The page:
<I>Knowing Richard Black</I> Explores World of Racial Dating Practices14 Feb, 2004 By: Erik Gruenwedel
“Black symbolizes race,” said filmmaker Jon Marc Sandifer, who plays both narrator and matchmaker in Knowing Richard Black (DVD $19.99). “Richard? Well, what's the nickname for Richard?”
In current social norms, interracial dating, specifically sexual intimacy between a black man and a white woman, isn't much of a novelty, despite Hollywood's efforts to prove otherwise.
Sandifer, however, turns the tables on the titillating myth surrounding the sexual prowess of black men with Marilyne, a late-30s attractive West African businesswoman who is visiting Washington, D.C., on business and has only been intimate with white guys.
Chatsworth, Calif.-based Image Entertainment, which distributes the unrated reality-based 75-minute DVD due Feb. 17, was attracted to the project because it represented a different slice of urban life in America that is generally not seen in urban films, according to Barry Gordon, SVP of acquisitions at Image.
“It's not a hip-hop movie,” said Gordon. “It's truly an adult urban film that more closely resembles [an African-American] male ‘Sex and the City' than hip-hop. I think there is an element of the urban market that is moving toward mainstream adult urban entertainment.”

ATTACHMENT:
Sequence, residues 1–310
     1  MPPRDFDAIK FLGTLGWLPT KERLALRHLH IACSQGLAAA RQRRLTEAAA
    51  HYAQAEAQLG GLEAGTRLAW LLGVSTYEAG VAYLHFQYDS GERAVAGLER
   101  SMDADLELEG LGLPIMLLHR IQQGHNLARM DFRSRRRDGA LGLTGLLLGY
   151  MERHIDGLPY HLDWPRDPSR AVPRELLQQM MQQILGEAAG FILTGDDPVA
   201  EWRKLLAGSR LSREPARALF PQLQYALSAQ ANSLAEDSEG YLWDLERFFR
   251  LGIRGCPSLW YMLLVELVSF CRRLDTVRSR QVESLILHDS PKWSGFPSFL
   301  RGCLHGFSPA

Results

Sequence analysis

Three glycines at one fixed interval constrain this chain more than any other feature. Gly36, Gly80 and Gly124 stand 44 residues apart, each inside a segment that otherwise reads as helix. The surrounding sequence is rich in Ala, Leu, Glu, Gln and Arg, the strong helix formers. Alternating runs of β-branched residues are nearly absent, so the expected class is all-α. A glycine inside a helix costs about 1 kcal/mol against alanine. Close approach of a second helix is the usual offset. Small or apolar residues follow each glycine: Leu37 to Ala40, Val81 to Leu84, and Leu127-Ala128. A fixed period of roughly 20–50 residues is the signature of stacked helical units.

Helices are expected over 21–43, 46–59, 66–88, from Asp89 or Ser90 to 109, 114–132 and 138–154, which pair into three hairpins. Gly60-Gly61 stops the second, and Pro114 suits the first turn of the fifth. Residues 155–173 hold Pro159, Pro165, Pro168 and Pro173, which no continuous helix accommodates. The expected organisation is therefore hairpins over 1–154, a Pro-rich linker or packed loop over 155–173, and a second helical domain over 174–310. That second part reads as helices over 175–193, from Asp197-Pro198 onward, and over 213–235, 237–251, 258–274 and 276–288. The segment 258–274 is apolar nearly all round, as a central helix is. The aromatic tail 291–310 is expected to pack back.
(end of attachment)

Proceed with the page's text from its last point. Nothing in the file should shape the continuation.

Bonus features include additional footage (yet, no further insights from well-spoken Sandifer, who is a producer of “106 Park,” the hip-hop program on Black Entertainment Television), two music videos by General Pop, a photo gallery, and cast and crew biographies.
From the outset, Sandifer appears both amused and challenged by Marilyne's lack of the “black experience,” so much so that he laboriously arranges “blind dates” for her with three of his black buddies: introspective Marc (“What does she look like?”); hair stylist Tre (“Is she fly?”); and business man Mark (“Okay, cool”).
“I had so many questions,” said Sandifer in the film. “Simply why? Did she ever take the time to get to know a black man? If she did, where did she go wrong? Where did he go wrong?”
When Marilyne and Marc finally meet, it becomes clear that nobody really erred toward their race, despite Marc's assertion that Marilyne excluded their race from consideration.
As it turns out, Marilyne dated white men primarily due to circumstance and never intended to exclude black men from her dating repertoire -- with the exception of Marc, of course.
Shortly after that failed “love connection,” Marc calls Sandifer and is upset because he believes he was allegedly “used” by his friend and asks that his scenes be deleted from the film.
Sandifer soon realizes that his male friendships are worth more than an interracial social experiment, and the film ends, leaving this viewer wondering why the director himself didn't try to close the deal with Marilyne.
“A lot of people assume that I did, but really didn't,” Sandifer said. “After that night [with Marc and Marilyne] she wouldn't even return any of my calls.”
“I think he [prefers] to put his friends on the spot,” Gordon said.